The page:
Logan was supposed to host for the event put on by the Committee to Protect Journalists, but dropped out over the controversy of her discredited “60 Minutes” report. Earlier in the day CBS Chairman Jeff Fager announced Logan and her producer Max McClellan were put on a leave of absence following the release of an internal report that found the Benghazi report “deficient in several respects.”
Pelley did not speak about the “60 Minutes” controversy at the awards ceremony, but TIME Inc. Chief Content Officer Norman Pearlstine did, defending Logan, and suggesting more of the blame should be shouldered by Logan’s editor.
“I tend to think that more often than not it is really the editor, sitting behind the desk directing the reporter, who is more at fault and more to blame than the reporter,” Pearlstine said. “It is often a very difficult task when a story gets an extraordinary head of steam to stop it, and yet that, quite often, is really the way that editors do protect journalists. “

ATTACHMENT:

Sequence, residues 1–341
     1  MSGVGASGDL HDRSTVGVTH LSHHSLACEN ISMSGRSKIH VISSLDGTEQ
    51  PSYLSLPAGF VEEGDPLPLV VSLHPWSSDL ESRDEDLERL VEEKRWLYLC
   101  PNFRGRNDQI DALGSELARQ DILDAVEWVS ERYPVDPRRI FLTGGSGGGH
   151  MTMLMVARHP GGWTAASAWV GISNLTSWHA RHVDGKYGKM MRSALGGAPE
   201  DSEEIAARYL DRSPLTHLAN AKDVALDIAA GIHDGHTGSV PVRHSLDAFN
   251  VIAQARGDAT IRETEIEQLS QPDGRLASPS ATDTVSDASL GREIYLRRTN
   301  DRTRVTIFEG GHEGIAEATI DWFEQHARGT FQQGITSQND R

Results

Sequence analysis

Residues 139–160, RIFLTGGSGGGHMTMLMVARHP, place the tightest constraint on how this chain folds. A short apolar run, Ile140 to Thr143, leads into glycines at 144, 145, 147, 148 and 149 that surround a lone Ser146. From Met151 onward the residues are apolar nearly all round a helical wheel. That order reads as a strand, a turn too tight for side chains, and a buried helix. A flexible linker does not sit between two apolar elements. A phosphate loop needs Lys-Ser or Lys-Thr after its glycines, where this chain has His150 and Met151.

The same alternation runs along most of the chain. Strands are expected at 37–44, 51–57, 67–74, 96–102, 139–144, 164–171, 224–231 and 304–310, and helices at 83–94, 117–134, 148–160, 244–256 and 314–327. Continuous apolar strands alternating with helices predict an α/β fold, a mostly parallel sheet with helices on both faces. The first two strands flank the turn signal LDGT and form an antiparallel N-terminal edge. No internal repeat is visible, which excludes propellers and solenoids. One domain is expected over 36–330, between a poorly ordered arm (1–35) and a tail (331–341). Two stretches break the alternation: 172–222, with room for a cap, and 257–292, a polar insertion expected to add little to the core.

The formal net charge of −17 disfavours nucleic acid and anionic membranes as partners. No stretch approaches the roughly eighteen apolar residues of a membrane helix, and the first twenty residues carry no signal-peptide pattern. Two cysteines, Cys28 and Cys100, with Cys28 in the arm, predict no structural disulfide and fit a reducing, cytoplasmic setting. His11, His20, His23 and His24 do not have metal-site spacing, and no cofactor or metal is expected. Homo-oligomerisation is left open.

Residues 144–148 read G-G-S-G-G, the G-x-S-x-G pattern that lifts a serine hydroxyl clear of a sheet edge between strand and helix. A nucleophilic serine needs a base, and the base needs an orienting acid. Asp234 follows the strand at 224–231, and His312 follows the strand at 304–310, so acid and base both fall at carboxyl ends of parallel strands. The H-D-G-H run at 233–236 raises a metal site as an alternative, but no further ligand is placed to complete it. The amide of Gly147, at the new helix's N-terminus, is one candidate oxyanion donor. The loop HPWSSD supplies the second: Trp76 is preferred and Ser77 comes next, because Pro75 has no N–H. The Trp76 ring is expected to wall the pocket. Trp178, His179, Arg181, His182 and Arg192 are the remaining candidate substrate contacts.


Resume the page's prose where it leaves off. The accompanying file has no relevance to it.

Ecuadorean television reporter Janet Hinostroza, Egyptian television host and satirist Bassem Youssef, Turkey’s investigative journalist Nedim Sener, and Vietnam blogger Nguyen Van Hai all received awards.
- Riccie Johnson, Making '60 Minutes' Look Good Since 1968
- Sunday's '60 Minutes' Now Available Monday, on Your Mobile Device
- Steven Sotloff's Friend: 'Never Believed the Administration Was Doing Anything to Help Us'
- James Brown: 'I Challenge the NFL Community and All Men' to Confront Domestic Violence